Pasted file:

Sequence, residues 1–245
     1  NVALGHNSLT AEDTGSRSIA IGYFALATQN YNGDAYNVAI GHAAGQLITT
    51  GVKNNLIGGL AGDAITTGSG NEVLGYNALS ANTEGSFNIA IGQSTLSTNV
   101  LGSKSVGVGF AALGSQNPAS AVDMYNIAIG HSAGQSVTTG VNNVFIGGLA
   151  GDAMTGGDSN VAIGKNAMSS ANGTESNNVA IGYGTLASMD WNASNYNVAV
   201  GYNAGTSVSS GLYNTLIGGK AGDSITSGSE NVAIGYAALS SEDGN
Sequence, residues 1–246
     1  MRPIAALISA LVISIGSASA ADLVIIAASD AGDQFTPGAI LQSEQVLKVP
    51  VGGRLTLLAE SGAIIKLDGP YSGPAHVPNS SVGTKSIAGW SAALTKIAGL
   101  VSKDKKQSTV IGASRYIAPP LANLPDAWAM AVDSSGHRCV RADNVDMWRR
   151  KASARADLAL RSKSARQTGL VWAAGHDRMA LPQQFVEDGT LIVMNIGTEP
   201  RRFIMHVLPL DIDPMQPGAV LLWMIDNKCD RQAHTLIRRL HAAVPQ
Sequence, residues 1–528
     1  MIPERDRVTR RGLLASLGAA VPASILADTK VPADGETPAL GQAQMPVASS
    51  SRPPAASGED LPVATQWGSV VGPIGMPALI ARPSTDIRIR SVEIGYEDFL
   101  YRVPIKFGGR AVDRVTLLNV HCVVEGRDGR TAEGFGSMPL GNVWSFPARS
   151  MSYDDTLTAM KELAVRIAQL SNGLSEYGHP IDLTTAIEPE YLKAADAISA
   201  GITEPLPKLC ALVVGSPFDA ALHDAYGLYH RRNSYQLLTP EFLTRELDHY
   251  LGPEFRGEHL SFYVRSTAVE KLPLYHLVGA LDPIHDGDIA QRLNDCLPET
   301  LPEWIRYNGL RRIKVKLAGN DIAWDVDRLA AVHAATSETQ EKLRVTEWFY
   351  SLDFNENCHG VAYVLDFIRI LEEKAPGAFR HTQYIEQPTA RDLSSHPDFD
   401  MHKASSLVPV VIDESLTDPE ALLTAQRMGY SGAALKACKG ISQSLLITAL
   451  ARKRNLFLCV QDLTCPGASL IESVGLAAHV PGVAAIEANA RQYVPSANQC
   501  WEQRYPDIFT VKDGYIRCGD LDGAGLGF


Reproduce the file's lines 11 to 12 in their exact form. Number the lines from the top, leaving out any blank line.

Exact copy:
   151  KASARADLAL RSKSARQTGL VWAAGHDRMA LPQQFVEDGT LIVMNIGTEP
   201  RRFIMHVLPL DIDPMQPGAV LLWMIDNKCD RQAHTLIRRL HAAVPQ